Key takeaways from Week 9 of the Elizabeth Holmes trial.
SAN JOSE, Calif. — The ninth week of testimony in the fraud trial against Elizabeth Holmes raised questions of what risks and responsibilities …
SAN JOSE, Calif. — The ninth week of testimony in the fraud trial against Elizabeth Holmes raised questions of what risks and responsibilities investors have when they put money into high-growth start-ups like Theranos, Ms. Holmes’s failed blood testing company.
In past weeks of the trial, the jury heard from former Theranos employees who were alarmed by its practices, as well as executives and board members who said they were taken in by Ms. Holmes’s pitch for blood testing machines that could conduct hundreds of blood tests accurately and quickly from a drop of blood.
That built up to testimony from investors, who prosecutors said are the victims in the 12 counts of wire fraud at the heart of the trial. Before Theranos collapsed in 2018, it raised $945 million from investors, valuing it as high as $9 billion and making Ms. Holmes a billionaire.
Ms. Holmes has pleaded not guilty. If convicted, she faces 20 years in prison.
Here are the key takeaways from this week’s proceedings, which took place only on Tuesday after a water main break near the courthouse on Wednesday forced the cancellation of the day’s events.
Lisa Peterson, an investment manager at RDV Corporation, an investment firm representing Michigan’s wealthy DeVos family, explained how the group came to invest — and eventually lose — $100 million in Theranos.
RDV’s chief executive, Jerry Tubergen, met Ms. Holmes at a 2014 conference and became enthusiastic about Theranos, according to an email shown in court. Ms. Peterson, who was put in charge of researching and facilitating the investment, testified that Theranos had handpicked a few wealthy families to invest and that Ms. Holmes made the firm feel lucky to be included.
“She was inviting us to participate in this opportunity,” Ms. Peterson said. Theranos purposely sought out private investors who would not push the company to go public, a presentation shown in court said.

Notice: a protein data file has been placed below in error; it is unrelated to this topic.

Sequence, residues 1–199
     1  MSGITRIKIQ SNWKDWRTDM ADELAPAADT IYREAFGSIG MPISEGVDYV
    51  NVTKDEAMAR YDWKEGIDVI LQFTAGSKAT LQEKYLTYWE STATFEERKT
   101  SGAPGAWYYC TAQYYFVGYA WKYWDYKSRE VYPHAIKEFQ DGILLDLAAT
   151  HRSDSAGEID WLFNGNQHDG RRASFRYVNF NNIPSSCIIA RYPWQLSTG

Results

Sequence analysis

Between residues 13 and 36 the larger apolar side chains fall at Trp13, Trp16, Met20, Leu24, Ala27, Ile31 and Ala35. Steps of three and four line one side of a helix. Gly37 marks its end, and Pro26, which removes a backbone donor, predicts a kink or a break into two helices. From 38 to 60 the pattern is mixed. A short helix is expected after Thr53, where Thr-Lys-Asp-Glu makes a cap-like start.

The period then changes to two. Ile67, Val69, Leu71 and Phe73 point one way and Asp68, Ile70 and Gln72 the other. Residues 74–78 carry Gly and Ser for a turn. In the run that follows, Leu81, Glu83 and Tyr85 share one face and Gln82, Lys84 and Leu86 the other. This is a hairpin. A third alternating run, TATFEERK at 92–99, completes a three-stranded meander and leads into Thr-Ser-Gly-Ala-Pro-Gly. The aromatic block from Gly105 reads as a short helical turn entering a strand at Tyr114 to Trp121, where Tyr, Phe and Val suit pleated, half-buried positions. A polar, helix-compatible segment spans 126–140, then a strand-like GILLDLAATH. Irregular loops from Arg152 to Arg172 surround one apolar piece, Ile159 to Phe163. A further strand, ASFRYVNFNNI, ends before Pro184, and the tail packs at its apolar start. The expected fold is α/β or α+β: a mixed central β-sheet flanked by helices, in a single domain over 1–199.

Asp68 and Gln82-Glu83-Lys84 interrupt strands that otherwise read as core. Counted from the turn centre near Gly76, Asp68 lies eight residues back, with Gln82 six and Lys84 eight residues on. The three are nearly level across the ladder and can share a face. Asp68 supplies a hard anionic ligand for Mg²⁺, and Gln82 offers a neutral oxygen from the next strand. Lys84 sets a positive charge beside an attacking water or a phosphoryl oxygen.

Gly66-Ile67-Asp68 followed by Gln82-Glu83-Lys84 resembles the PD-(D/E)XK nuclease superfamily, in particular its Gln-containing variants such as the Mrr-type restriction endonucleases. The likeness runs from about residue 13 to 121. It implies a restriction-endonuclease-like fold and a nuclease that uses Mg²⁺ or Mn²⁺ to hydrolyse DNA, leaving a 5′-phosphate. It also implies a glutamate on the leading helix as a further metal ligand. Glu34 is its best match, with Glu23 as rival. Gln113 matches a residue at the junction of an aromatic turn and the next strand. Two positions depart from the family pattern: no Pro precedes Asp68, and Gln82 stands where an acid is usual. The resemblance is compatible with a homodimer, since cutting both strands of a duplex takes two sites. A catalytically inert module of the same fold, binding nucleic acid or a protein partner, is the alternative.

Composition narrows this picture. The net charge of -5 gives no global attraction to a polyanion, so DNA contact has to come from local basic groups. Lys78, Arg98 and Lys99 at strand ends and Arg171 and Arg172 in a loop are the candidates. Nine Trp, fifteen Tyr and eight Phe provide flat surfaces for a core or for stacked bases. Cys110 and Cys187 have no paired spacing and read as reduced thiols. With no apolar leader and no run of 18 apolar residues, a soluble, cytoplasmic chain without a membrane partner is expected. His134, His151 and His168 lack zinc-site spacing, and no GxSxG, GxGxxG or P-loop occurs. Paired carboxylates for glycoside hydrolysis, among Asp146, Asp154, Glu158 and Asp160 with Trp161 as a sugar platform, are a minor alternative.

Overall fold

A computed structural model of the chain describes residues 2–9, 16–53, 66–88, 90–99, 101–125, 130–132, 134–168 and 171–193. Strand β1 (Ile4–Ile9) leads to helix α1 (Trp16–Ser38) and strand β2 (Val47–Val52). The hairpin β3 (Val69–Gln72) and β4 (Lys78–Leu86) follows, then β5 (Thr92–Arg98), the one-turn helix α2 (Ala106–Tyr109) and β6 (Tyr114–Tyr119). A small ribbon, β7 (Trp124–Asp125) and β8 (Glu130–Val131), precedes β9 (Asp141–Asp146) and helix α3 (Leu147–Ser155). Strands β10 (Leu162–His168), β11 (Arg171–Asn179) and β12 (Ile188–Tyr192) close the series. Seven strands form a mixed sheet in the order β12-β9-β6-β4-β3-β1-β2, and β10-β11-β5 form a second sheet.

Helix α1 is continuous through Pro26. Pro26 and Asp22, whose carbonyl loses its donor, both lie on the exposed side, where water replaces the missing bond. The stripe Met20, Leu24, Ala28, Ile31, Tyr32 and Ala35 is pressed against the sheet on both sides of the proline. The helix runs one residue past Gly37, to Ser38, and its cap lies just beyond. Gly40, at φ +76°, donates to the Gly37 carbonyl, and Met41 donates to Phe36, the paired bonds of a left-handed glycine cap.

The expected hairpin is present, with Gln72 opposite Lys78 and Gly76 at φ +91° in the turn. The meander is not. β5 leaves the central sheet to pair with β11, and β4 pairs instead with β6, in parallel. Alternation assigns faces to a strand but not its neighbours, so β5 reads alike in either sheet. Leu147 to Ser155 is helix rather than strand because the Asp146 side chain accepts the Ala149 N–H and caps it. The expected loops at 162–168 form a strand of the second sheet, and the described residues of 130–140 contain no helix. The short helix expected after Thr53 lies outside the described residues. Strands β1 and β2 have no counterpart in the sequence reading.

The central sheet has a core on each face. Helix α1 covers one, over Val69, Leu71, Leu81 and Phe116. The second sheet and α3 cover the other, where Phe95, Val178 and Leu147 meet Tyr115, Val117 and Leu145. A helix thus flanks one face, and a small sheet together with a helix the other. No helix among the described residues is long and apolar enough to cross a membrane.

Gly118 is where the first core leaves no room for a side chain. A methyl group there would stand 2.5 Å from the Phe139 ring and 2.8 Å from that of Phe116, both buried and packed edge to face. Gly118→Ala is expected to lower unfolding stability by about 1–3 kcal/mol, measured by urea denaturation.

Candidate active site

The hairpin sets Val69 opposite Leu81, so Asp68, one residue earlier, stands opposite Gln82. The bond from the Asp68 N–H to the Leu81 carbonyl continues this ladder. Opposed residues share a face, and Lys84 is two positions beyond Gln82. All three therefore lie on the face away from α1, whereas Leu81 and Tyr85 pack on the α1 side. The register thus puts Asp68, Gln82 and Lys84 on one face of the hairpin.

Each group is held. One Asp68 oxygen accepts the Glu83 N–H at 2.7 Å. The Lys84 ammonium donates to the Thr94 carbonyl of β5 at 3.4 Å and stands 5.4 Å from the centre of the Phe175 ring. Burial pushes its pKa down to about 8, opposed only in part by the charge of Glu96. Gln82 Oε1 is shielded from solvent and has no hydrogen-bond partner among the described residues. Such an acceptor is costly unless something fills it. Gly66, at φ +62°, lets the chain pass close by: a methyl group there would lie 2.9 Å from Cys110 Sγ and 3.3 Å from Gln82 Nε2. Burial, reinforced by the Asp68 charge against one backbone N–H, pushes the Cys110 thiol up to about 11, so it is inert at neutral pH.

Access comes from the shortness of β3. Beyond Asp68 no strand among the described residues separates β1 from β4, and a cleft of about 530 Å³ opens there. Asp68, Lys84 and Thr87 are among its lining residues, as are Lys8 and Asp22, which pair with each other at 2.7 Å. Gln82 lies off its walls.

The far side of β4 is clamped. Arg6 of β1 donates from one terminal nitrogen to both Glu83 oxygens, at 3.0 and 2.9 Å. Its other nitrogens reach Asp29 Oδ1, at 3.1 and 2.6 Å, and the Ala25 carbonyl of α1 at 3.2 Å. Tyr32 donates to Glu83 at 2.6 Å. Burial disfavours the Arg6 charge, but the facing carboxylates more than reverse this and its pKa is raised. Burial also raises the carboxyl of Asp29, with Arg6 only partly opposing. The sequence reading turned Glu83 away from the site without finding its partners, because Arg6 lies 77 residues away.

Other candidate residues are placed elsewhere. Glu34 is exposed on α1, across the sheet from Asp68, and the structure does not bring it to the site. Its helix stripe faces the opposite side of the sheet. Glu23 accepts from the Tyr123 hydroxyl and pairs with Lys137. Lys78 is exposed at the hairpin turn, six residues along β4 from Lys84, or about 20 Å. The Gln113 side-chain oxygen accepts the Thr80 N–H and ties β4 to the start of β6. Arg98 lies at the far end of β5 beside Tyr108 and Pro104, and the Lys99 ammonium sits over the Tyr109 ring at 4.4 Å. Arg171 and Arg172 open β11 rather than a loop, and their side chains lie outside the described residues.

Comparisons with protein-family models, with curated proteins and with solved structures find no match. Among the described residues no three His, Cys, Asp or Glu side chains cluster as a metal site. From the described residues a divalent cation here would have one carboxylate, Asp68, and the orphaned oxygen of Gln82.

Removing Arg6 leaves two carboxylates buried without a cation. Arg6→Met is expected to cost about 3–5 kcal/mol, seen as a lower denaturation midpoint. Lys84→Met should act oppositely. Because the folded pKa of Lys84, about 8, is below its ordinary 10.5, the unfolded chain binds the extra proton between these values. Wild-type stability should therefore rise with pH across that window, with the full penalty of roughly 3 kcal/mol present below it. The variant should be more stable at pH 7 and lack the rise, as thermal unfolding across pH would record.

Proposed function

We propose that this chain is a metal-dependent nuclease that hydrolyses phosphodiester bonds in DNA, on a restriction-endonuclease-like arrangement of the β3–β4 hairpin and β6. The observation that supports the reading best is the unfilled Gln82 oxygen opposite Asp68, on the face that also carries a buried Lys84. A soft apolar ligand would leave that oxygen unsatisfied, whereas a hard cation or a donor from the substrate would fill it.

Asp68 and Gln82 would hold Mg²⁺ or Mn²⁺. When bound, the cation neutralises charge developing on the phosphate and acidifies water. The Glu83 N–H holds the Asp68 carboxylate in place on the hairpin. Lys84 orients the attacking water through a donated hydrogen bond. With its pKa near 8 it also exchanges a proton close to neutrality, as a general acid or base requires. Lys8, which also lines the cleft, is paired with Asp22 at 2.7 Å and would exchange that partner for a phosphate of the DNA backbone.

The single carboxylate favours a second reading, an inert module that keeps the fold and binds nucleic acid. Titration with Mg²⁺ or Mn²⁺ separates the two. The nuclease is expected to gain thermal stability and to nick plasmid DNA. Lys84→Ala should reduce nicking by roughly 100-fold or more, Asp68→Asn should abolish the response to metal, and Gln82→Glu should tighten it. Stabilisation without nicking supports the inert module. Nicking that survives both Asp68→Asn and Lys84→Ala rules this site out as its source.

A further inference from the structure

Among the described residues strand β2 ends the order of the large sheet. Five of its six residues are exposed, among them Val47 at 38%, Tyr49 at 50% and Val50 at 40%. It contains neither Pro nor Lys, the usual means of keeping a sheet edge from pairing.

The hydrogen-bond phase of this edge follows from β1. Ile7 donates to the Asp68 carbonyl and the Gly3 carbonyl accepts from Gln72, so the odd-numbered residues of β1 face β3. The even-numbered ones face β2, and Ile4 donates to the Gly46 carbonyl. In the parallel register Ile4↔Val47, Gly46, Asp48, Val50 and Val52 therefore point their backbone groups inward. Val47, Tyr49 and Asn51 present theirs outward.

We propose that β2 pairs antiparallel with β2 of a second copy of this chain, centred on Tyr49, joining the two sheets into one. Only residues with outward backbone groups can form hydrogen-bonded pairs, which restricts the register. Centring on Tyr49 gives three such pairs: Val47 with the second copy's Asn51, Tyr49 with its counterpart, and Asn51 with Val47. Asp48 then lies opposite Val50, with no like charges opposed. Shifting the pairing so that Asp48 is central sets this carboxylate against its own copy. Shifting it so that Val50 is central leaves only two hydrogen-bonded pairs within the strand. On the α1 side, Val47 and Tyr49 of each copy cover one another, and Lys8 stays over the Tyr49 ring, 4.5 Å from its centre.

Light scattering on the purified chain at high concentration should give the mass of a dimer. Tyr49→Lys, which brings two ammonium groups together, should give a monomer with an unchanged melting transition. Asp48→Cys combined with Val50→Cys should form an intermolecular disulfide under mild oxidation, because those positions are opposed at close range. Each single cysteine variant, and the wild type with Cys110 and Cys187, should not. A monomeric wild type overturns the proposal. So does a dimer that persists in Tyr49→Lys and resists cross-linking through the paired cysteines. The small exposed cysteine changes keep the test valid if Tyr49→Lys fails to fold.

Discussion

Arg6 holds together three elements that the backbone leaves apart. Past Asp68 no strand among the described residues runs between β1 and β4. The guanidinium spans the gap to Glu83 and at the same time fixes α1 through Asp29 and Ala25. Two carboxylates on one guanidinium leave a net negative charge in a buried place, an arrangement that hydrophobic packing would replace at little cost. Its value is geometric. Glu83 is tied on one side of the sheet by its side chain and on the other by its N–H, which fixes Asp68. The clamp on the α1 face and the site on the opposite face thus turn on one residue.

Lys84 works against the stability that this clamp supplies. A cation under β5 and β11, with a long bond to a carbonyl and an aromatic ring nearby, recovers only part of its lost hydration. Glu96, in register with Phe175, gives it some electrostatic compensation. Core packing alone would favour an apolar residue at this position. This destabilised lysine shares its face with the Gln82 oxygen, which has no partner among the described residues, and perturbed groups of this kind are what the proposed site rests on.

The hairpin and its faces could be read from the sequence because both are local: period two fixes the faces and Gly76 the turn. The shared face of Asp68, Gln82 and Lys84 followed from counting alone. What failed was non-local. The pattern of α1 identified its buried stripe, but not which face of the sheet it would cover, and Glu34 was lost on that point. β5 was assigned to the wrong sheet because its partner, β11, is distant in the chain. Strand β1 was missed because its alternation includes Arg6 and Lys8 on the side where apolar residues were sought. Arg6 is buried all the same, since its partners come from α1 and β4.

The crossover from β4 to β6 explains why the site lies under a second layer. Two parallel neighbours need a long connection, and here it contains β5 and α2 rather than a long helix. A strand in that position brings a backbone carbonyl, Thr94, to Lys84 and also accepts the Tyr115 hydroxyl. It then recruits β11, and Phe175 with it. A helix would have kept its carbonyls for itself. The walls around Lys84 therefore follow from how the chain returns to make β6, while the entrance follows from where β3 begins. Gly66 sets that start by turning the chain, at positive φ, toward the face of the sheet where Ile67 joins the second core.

With Ms. Peterson’s testimony, prosecutors built on how Theranos had appeared to use fake endorsements from pharmaceutical companies to deceive its partners and investors. Theranos had shown Walgreens and Safeway executives a validation report that displayed the logos of pharmaceutical companies and said they supported its technology.
Last week, a Pfizer executive testified that the company had dug into Theranos’s technology and “come to the opposite conclusion.” Ms. Peterson said she had seen the validation report and believed it had been prepared by Pfizer, which helped entice her firm to invest.
In a heated cross-examination, Ms. Holmes’s lawyers tried painting Ms. Peterson as a negligent steward of capital who did not do proper research before pouring cash into a young start-up.
Lance Wade, a lawyer for Ms. Holmes, highlighted contradictions between Ms. Peterson’s statements and an earlier legal deposition she had given. When Ms. Peterson insisted that her current testimony was accurate, he shot back, “Your memory has improved over time? Is that your testimony?”
Mr. Wade also prodded Ms. Peterson for not hiring scientific, legal and technology experts to dig into Theranos’s claims, nor did she demand to see copies of Theranos’s contracts with Walgreens and Safeway. “You understand that’s a typical thing to do in investing?” he asked.
Ms. Peterson said the firm relied on what Ms. Holmes and other Theranos executives told them.
Mr. Wade tried to diminish Ms. Peterson’s decision-making power within the firm by pointing out that she was not on RDV’s investment committee and was not present for all the meetings involving Theranos.
By arguing that investors like Ms. Peterson didn’t do enough research, Ms. Holmes’s lawyers walked a delicate line. That’s because their argument included an implied acknowledgment that Theranos’s technology did not do all that it promised, even as they also had to maintain that Ms. Holmes did not lie about the technology.
The ‘conspiracy period’
Jurors watched two videos of Ms. Holmes — most likely their first time seeing her face without a mask — as she defended Theranos in interviews after The Wall Street Journal reported in 2015 that the start-up’s blood testing machines did not do as much as claimed.
In an appearance on Jim Cramer’s “Mad Money” show on CNBC, Ms. Holmes said Theranos’s machines could do more than 100 tests, dismissing the critical report. In an interview with CBS in 2016, Ms. Holmes was more contrite, saying, “I’m the C.E.O. and founder of this company. Anything that happens in this company is my responsibility.”
Ms. Holmes’s lawyers argued to exclude the videos as evidence, at one point referring to the period of time after The Journal article as the “conspiracy period.”
Ms. Peterson testified that during that time, she and others at RDV met with Ms. Holmes. At the meeting, Ms. Holmes downplayed the revelations, Ms. Peterson said, saying The Journal’s reporting was “done by a very overzealous reporter who wanted to win a Pulitzer.”
Mr. Wade asked the court to strike that comment from the record.